I think it might be helpful to have you clarify what you believe the Church to be. What I am asking is does a church (local body) which refuses to practice the sacraments run the risk of no longer being a part of the Church (holy, catholic, apostolic)? To be outside of the broader ecclesial domain is to no longer be Christian. One cannot exist as a Christian while being divorced from the Church. Perhaps you will have to define what you mean by “broader ecclesial domain.” Because historically the sacraments have been considered a part of the ontology of the Church (that is the sacraments constitute a component of the very nature of the Church), a local church which does not practice them runs the risk of ceasing to be in the Church. This is to cut that local body off from the primary means of God’s grace. That is why I am so concerned with orthodox teaching of the sacraments.

4 comments:

MoonGovernor said...

Ben, sorry to post here on a completely unrelated topic, but I didn't know how else to get ahold of you. Anyway, I responded to your comment in the form of another comment. Check it out.

joshwall said...

Interesting points Ben, I like your opinion, though I think we disagree on a number of points. I'm sorry this is so long, I've written and rewritten much of it because you ask so many questions that I wanted to attempt to address (though also like you not comprehensively). However it seems to me that our primary issue is over the nature of the church and its adjoined orthodoxy, or lack thereof. I address this briefly upfront and then attempt to return to the topic at hand sacraments. Oh and I apologize for its length

I should begin by addressing your final question back to me, which is basically asking me about my understanding of church (local) and Church (catholic). Within my frame work a church is composed of a group of followers of Jesus who meet together for the breaking of bread and the affirmation of one another (or however specifically that verse goes... don't have my bible on me). Now then taking that into a larger context the Church is the conglomrate of those churches. Where I think we disagree, and this appears to be our primary disagreement, is that you ascribe authority to the conglomrate Church above and beyond the individualized churches, while I do not.

I could give a variety of reasons for such a polity, but the most succinct answer is that I do not find the spirit moving solely where there is a majority of belief. So just because traditionally more Christians believe X over Y doesn't mean that X is more credible than Y for today(Using Wesley's quadrilateral I put tradition rather low on the list). I feel they are a great inspiration, a good direction, and as authoritative as the people who said the theological statements were, but not much beyond that, I'm am not swayed to their positions just because others are.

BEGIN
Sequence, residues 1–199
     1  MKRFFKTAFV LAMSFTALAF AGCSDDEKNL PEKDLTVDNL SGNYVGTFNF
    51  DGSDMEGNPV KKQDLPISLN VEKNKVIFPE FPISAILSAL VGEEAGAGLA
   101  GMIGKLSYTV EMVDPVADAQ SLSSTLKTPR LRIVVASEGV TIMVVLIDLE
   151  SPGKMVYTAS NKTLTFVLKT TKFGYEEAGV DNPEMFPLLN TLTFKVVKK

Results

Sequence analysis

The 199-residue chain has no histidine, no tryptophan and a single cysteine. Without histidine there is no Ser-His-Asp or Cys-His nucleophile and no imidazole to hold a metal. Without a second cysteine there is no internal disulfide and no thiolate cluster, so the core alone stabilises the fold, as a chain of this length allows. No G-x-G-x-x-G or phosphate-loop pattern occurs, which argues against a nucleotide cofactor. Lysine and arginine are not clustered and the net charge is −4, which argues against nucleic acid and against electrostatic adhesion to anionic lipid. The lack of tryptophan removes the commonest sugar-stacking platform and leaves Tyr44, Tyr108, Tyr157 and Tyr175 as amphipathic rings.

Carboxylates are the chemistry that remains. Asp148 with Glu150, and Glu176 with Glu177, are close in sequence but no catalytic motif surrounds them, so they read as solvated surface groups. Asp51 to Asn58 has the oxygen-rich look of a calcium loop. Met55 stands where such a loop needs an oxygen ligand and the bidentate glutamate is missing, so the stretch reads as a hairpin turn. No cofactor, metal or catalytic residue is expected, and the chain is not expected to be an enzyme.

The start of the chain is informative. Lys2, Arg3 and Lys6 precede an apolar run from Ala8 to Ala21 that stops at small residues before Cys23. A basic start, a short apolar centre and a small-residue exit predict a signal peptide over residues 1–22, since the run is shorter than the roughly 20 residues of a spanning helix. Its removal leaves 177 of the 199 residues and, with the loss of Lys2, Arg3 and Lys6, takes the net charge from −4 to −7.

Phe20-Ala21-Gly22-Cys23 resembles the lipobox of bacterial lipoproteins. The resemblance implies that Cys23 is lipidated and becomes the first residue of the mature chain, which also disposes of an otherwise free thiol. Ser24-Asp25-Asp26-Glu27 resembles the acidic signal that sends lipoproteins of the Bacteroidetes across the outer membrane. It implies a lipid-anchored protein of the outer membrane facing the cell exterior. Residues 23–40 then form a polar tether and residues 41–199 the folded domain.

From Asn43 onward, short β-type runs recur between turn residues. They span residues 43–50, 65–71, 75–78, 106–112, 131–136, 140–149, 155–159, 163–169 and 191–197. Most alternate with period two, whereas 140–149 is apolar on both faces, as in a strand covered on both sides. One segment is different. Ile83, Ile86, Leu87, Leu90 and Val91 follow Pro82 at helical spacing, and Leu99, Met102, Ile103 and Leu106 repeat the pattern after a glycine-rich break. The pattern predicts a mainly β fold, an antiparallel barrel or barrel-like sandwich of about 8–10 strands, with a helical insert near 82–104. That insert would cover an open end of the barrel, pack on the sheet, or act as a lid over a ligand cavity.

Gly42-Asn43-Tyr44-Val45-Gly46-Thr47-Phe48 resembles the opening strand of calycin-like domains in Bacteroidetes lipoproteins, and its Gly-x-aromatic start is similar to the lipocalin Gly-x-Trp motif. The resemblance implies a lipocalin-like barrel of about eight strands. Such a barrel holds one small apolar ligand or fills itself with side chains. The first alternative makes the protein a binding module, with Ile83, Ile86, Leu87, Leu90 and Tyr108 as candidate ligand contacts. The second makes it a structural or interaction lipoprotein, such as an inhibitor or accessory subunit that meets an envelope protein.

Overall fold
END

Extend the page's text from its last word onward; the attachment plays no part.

However, I have a follow up question to yours, how do you define the Church? Because this is where we disagree, I think. It seems that you see the church as something that exists as a singular entity, or at least can be referenced as such but I don't see the warrant for that. We are protestant, catholic, orthodox, evangelical, pentecostal, baptist, Anglican... all with differing orthodoxies, which from time to time have put us at odds with one another. So I'm not sure when you say the "Church" who you are talking about and how they can deem me "no longer a Christian" for being outside of the broader ecclesial domain. Basically, who has this authority that you give to the Church, and how is it wielded, in today's context?

And back to the subject at hand, sacraments. In general, I still stand by the statement that sacramental theology does become a prominent formed until at 200 years Jesus. We don't get councils, or Cyril (as you point out) until at mid 4th cent (Constantine becomes defeats Licinius in 323). That's 200+ years of practicing something that isn't a fully formed sense of sacraments but is something, but is something. I mean the earliest stuff along this line (at least that I can think of off hand) are some of the martyrs that make Eucharistic comparisons (Ignatius desires to be the "holy loaf" and all) but that is still something that much more loose of an understanding than we get after the councils. Rather it seems that there is a basic sacramental theology in the ancient church that then gets hammered out into specifics later on (4-5 cent).

Its with that in mind I'm fine going against the grain(and loaf) of traditional sacramental theology, as long as it conforms to the authoritative text. But here I give my own protestant theological assumptions away, a Catholic could read this situation rather different, thank you Luther/Calvin and solo scriptura.

Anyway... I should go, I've written to much as it is and spent to long writing it for anyone's attention span. :) I could write more mostly about our contrasting views of orthodoxy, what it is, who has it, who doesn't, and all the implications therein... but that seemed more like another post, even though its the cause of our primary disagreement.

Sniper said...

Joshwall:"(Using Wesley's quadrilateral I put tradition rather low on the list)."

I really like this conversation fellas, keep it up! But I must ponder on the above statement for a bit...lower? Sounds more beauracratic than quadrilateral. I think Wesley would take aim at your understanding of his own theory. Are they not all supposed to work together?

Ben Robinson said...

joshwall,

I apologize for the lack of response. It is finals time for me so I hope to re-engage the conversation as soon as things slow down. But I would like to continue the discussion (and Sniper, feel free to interject anything along the way).